The mountainous areas of these two western provinces of Iran are very suitable for grazing sheep and cattle. The main weaving centres in Kordestan are Sanandaj (the capital of the province once known as Senneh) and Bijar, In the province of Kerrnanshahan only a few centres such as Kermanshah and Sonqhor-Kolyai produce carpets. The quality of carpets in these later cities is not as good as those of Sanandaj and Bijar . In Kerrnanshah and its surrounding villages most of the rugs are woven in the form of runners and are thick-piled.


  A few centuries ago many beautiful carpets were woven in Sanandaj and Bijar, Unfortunately, the quality of the more recent carpets in Kordestan is not as good as those woven previously. The designs of Sanandaj carpets are mostly monotonous and in these last two centuries the designers and weavers have taken many steps to improve or re¬touch the former designs. Floral designs are strongly stylised and differ greatly depending on the tribal style and tradition. The design that is most preferred by the weavers is the "Batteh". This motif is repeated in a parallel line several times in row on the background of the carpet.
Anyhow this design is different from those of Ghom, Arak, Kerman and Birjand.
One other design that is woven by the able craftsmen is the Hersu design, also known as "Mahi Zanbun"(fish-bee). Although the Persian knot is known as "Senneh", the weavers of the area prefer the Turkish knot instead of using the knot that bears the name of their own town. Carpets woven in Sanandaj are very thin, short-piled and have one weft after each row of knots.
In Sanandaj, they often weave "Zar-a-nim" and "Sajjadeh"sizes. The dyers are very precise in their profession. They usually use blue, dark blue, brilliant red, yellow, brown and light pistachio colours. Synthetic dyes are found rather infrequently. The wool used to weave the carpets is hand-spun and very thin.

 BIJAR is one of the fertile areas of Kurdistan. Its climate is cold and dry in winter and moderate in summer. In the Kurdish language, the willow tree is called 'Bi' and an area of such trees is called a 'Bijar'-- the region of willows-so named because of the abundance of willow trees.
Although the small Kurdish town of BIJAR in the province of Kermanshah has only about ten thousand inhabitants, the high quality of its carpets has gained it an international reputation. Concern for this reputation for high quality led to a clear distinction being made between the products of the BIJAR town workshops and the Tekab-BIJAR, which are woven by an Afshari tribe that settled in the area.
BIJAR rugs have a very unique weave that uses the symmetrical Turkish knot and double weft compacted very tightly, thus making them heavy and durable rugs. The characteristic weft technique used in the Kurdish BIJAR area gave rise to the term BIJAR structure. The strong tension of the weft pulls the warp into two layers, giving the carpet a certain rigidity. Though strong, if handled carelessly or folded, it will crack and tear. Bijar is one of the fine weaves of Iran and carpet weaving in this area has been a traditional occupation for hundreds of years. Throughout their history the weavers of Bijar have used up to three and even five wefts in each row of knots. This is a much heavier carpet than the typical Sanandaj style. They should always be rolled instead of folded before being moved. There are various designs in Bijar carpets. Some of the dominant designs, are as follows: Batteh, Harati, Mina-khani, Zell-e-sultan, Galfarang (flower bouquets). The size of Bijar carpets is approximately 1.5 up to 10 square metres. Runners are relatively rare. All the carpets of this area have Ghiordes (Turkish) knots and are thick¬piled. The dominant colours in this region are red, blue, indigo, ivory and pink.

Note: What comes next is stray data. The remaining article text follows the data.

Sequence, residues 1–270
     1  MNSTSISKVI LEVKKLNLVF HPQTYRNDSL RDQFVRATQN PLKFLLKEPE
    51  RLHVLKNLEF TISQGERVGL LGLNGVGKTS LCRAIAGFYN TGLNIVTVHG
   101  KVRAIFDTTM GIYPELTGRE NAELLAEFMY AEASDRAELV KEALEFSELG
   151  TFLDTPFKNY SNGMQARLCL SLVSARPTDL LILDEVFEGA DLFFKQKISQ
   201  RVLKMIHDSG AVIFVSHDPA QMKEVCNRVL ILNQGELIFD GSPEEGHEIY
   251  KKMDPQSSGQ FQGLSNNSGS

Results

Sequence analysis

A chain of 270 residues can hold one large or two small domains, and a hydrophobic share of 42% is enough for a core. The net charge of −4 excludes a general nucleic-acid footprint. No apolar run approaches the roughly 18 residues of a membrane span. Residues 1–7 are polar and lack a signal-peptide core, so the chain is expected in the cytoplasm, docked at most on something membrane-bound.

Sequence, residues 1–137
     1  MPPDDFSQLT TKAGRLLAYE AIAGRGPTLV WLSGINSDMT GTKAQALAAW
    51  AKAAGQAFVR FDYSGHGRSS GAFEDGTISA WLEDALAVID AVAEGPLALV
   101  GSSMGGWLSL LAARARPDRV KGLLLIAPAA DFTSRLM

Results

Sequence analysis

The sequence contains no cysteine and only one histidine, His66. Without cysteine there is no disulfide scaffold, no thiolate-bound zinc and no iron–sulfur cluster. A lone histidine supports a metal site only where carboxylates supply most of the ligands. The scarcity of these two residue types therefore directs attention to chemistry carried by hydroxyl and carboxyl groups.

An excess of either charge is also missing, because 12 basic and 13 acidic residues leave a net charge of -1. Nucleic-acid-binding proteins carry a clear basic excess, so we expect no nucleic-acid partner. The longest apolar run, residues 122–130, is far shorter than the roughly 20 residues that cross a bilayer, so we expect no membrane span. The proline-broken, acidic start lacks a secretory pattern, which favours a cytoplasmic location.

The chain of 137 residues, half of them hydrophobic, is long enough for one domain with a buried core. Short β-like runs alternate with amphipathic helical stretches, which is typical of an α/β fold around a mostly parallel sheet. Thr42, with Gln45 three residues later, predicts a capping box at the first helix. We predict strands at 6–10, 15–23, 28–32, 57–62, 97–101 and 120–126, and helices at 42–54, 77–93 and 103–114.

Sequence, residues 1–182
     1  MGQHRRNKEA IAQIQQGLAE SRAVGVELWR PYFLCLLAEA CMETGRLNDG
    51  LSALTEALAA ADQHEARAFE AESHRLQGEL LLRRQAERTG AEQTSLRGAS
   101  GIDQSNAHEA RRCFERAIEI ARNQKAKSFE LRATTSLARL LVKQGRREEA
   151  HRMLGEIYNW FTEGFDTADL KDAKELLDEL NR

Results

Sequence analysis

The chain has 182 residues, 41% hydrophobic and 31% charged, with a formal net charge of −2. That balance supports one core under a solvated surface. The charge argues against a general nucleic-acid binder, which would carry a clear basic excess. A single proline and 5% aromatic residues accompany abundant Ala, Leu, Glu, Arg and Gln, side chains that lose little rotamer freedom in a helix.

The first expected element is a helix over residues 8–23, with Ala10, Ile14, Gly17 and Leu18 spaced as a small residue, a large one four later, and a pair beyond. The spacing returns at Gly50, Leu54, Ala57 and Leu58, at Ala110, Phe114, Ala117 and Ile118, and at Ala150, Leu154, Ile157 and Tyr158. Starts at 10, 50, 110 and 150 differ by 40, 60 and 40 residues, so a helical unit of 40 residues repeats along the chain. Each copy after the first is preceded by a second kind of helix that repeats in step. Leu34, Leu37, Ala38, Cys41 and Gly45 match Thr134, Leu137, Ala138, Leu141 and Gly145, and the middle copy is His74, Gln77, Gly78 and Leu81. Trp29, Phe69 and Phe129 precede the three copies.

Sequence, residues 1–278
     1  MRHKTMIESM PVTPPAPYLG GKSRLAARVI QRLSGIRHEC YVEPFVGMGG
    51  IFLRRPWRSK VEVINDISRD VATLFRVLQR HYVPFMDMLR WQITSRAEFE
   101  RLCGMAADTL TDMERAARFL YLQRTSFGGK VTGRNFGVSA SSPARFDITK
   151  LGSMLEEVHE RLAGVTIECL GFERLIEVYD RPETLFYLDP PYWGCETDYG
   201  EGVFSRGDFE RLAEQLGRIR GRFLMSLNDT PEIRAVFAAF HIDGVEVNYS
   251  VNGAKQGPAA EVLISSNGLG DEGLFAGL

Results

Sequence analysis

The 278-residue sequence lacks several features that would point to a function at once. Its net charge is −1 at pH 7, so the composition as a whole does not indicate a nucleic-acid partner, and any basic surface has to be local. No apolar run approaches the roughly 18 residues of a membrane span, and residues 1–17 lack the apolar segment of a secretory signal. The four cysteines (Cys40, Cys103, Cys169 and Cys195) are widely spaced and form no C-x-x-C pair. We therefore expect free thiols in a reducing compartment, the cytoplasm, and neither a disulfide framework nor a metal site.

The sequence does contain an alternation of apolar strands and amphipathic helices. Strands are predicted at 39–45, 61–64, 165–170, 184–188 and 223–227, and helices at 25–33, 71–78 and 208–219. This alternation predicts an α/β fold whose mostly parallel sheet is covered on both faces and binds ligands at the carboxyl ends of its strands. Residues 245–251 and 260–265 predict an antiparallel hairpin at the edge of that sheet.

Carpets with a BIJAR structure therefore must be rolled for transport. Most BIJAR rugs are woven by Kurd and Afshar weavers of the Gerus region around the town of BIJAR in western IRAN. Bijar carpets are divided into the following formats:

•  Traditional Bijars (Bijars with rose motifs)
•  Halvai and Tahjavi-Bijars
•  Afshar Bijars

BIJAR rug designs are difficult to define. They usually have all-over repeating Herati, as well as floras, Arabesques, and medallions. Only the carpets and rugs from the designer Tajhavi and from the little village Halvai are flexible enough to be easily folded. For the third group - the Afshar-Bidjars - the weavers often use the famous Herati motif; you can find these carpets in different qualities. BIJAR rugs and carpets not only go well with antique furniture, they beautifully complement modern and contemporary furniture, as well.
Herti and Mina Khani designs are very common in BIJAR Kurdish rugs. You can also find medallion and all-over patterns with multiple borders. BIJAR carpets are considered as the best oriental carpets for everyday use because they are extremely tough and rigid. Modern BIJAR workshop carpets are still of excellent design and construction. A very dense hard pile, cut medium to high, though old and antique finely woven pieces tend to be clipped lower. Warp is of cotton or, less frequently, goat's wool. Weft is cotton and both warp and weft yarn are tightly spun. In old and antique pieces, warp and weft are of wool. The majority of BIJAR rugs have Turkish knots. However, Persian knotted pieces are also found and common.BIJAR carpets come in different sizes, especially from about 1 x 1.50m (3' 3" x 4'x 11") upwards. Large pieces of over 12 square meters (51 square feet) are also common. Ground colors are harmonious, a product of the blending of subtly shaded patterns. Dark blue and a strong red predominate. Brown and yellow are also used, but green is rare. Some old BIJARs are woven with combinations of light and dark blue.

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